Friday, July 20, 2012

There's a Fungusamongus!

There probably isn’t a rose garden in the Upper Midwest that doesn’t have several of the dozen or more races of the fungus called blackspot.  It’s that prevalent at this time of the year.  Hybrid teas and miniatures are particularly susceptible, but so are many shrub roses.

For example, Morden Sunrise is what I call a “blackspot magnet”.  I loved the color of that rose and planted several in a cluster in one of my terraced beds, several years ago.  The first summer they were covered with blackspot and almost immediately every other rose around them, including disease-resistant Buck roses on which I’d never seen blackspot, became infected as well.  So I had no choice other than getting out my fungicides and spraying the whole garden periodically for the rest of the summer; something I really don’t like to do as an organic gardener. 

So, lesson number one in controlling blackspot is to find out which roses are most susceptible and, either don’t plant them in the first place or, if you already have them, shovel prune them like I did with Morden Sunrise.  In my opinion, there are so many great, disease-resistant roses that there really is no justification for growing susceptible plants and polluting your garden (and neighborhood) with fungicides.  The Buck roses, for example, are beautiful and quite disease resistant.  That’s what Dr. Griffith Buck’s work was all about: hybridizing beautiful, disease-resistant, winter-hardy roses.  He was phenomenally successful and we are heirs to his legacy. This lesson is an integral part of practicing Integrated Pest Management (IPM), which all of us should be doing, for our own health, as well as the health of those around us.

Lesson number two is, if you have roses that are susceptible to blackspot and you just can’t part with them (yet), or if you have an outbreak on your resistant plants that you need to fix, be sure to use the right fungicide and practice IPM, which means that you must spray only the right fungicides and spray them as infrequently as possible.

So, what are the right fungicides and how often should you spray them?  Fact:  To my knowledge, there is only one fungicide that actually KILLS blackspot spores; and that’s Manzate (also known as Mancozeb).  So, if you are going to spray for blackspot (and most of us will have to spray at least once in a summer), get yourself some Manzate.  It’s available on-line at and the shipping is free.  I find that the liquid product is easier to use than the wettable powder, albeit a bit more expensive.  To the best of my knowledge, all of the other products labeled and sold for the treatment of blackspot are fungus inhibitors, not killers.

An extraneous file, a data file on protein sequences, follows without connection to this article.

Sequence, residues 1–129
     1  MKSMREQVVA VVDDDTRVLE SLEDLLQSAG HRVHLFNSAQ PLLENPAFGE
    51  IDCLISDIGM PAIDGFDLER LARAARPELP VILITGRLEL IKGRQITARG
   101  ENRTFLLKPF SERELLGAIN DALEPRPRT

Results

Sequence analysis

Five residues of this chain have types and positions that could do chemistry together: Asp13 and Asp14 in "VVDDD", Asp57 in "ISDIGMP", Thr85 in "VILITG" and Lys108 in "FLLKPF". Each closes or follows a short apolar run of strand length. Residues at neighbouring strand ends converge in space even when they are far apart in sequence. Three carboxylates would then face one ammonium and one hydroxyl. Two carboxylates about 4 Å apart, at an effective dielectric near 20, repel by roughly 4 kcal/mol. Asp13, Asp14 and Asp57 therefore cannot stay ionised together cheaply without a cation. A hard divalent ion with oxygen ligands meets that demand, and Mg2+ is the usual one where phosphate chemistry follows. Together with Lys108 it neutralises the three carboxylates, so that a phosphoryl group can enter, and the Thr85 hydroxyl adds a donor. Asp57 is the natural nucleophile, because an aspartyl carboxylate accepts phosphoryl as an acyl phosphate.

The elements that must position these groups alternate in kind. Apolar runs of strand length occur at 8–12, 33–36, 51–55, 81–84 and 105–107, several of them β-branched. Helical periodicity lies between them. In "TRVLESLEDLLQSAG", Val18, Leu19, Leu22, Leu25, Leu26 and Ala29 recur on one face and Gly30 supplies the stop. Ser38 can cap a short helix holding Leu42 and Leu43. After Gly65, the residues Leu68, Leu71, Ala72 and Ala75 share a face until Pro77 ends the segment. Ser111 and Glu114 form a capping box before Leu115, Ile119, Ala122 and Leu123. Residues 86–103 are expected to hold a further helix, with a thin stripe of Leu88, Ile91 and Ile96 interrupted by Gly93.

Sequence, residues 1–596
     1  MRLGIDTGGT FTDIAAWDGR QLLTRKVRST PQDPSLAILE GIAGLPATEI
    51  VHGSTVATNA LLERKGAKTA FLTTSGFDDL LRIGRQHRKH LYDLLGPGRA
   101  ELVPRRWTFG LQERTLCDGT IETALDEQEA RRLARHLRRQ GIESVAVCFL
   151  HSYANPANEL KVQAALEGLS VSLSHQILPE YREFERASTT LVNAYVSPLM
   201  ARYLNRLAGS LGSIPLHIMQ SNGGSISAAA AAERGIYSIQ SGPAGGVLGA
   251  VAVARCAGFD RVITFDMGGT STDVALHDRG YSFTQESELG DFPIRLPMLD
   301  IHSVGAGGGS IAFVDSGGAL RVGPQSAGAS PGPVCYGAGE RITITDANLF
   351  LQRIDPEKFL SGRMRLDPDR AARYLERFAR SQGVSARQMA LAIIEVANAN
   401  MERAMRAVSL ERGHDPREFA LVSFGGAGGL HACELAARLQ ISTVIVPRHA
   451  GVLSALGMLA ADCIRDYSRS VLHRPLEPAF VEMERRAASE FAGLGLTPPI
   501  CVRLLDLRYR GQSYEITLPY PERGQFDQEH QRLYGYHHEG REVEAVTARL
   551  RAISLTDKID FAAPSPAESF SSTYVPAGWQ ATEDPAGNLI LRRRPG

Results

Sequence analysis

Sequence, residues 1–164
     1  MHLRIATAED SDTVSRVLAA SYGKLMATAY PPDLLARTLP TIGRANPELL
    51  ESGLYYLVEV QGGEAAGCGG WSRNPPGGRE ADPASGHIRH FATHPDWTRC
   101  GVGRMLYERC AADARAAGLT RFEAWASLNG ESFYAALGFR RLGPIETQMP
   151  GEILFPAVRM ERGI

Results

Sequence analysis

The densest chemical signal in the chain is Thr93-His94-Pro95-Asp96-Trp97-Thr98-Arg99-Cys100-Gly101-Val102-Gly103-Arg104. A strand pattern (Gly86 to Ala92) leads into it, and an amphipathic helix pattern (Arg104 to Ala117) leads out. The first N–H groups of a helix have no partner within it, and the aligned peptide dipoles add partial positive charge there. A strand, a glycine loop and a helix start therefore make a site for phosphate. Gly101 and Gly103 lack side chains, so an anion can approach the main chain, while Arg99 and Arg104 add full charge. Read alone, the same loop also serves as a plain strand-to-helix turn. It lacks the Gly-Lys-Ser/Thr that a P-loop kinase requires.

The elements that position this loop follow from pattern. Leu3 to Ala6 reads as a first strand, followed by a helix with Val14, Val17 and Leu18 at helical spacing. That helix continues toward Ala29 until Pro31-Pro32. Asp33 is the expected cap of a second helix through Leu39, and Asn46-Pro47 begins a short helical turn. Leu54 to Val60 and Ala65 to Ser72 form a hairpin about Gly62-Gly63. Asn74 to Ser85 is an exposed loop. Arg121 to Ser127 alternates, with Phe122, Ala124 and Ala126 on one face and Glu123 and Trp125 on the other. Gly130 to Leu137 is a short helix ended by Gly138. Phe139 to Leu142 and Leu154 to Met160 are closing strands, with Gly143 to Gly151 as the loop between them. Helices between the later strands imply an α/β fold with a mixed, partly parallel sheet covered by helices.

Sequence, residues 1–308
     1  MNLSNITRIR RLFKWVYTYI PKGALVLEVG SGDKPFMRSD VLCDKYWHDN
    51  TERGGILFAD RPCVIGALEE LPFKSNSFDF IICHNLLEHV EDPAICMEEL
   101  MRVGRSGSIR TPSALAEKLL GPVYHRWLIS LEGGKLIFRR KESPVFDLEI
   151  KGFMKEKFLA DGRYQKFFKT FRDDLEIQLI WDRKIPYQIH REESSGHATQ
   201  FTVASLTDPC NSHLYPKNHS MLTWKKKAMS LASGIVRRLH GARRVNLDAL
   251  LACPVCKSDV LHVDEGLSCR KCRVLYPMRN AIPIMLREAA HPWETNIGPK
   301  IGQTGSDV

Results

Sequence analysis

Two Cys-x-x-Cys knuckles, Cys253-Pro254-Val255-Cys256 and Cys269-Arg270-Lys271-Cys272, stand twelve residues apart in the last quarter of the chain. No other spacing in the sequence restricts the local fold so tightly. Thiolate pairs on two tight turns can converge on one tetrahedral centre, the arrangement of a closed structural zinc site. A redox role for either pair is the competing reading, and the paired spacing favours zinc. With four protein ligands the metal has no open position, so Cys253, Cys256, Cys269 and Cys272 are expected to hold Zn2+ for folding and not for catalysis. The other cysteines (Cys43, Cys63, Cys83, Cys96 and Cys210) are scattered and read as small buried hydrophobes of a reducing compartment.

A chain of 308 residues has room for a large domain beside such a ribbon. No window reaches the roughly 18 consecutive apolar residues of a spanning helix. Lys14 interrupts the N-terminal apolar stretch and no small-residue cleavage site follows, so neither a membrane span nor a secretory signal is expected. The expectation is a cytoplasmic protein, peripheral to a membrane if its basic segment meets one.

The late Howard Walters, past president of the American Rose Society, wrote a wonderful column known as “Rosarian Ramblings” in the American Rose for many years.  One of his favorite subjects was treating blackspot and he always recommended using Manzate, which is a surfactant, in combination with Banner Maxx, which is the best systemic inhibitor (also available at The combination of the strong inhibitor with the proven killer is a one-two, knockout punch, which allows you to spray only once every two or three weeks, depending on how bad your infestation is.  Using Manzate alone would require weekly spraying, until all spores were killed. In my garden, where blackspot occurs only once or twice in a summer, the Manzate/Banner Max combination does the trick in only one or two sprayings for the whole summer, which is good IPM.

Now, let’s look at another fungus, spot anthracnose, which I have found to be more deadly than blackspot, in that it will take out an entire rosebed, if left uncontrolled.  A lot of people mistake it for blackspot, even though it really doesn’t look much like it.  It’s important to recognize anthracnose before it does irreparable damage in your garden.  Fortunately, the treatment is exactly the same as for blackspot, i.e., Manzate and Banner Maxx, so mistaking it for blackspot is usually not fatal, as long as you spray it a couple of times.  Here are two good pictures of spot anthracnose:

Last but not least, let’s talk about powdery mildew. Banner Maxx inhibits powdery mildew but Manzate does nothing. Fortunately for us IPMers, powdery mildew can be controlled, without a fungicide, by using strong doses of baking powder.  Just mix three tablespoons of baking powder, per gallon of water, spray it on several times over a few weeks time, and powdery mildew usually goes away.  Another little-known fact is that powdery mildew doesn’t like to be wet, so you can give your roses a good washing before applying the baking powder mixture.  Unfortunately, if you are also fighting blackspot or anthracnose, washing your roses (or top watering) isn’t the best idea.

Finally, and this is more important than anything else I’ve said here, you must wear protective equipment and clothing when spraying fungicides (and insecticides).  First and foremost, use a respirator so you don’t breathe any of the chemicals. Paper dust masks just don’t cut it here (if you can smell it, you are breathing it into your lungs). I wear a full-face 3M respirator, which is preferable, but partial-face respirators will work, if you also wear protective goggles.   Check out 3M’s website for their respirator products and where you can buy them:

 I also recommend wearing inexpensive Tyvek coveralls (also available at  These can be hosed off and dried in the sun after each using, so that one or two sets of coveralls will be enough for a whole summer of spraying.  Also, wear protective nitrile or rubber gloves for both mixing and spraying chemicals.  I wear nitrile “milking” gloves sold by Fleet Farm, but any medical/surgical glove will do.  And…It should go without saying that if you get any of this “stuff” on you, go wash it off!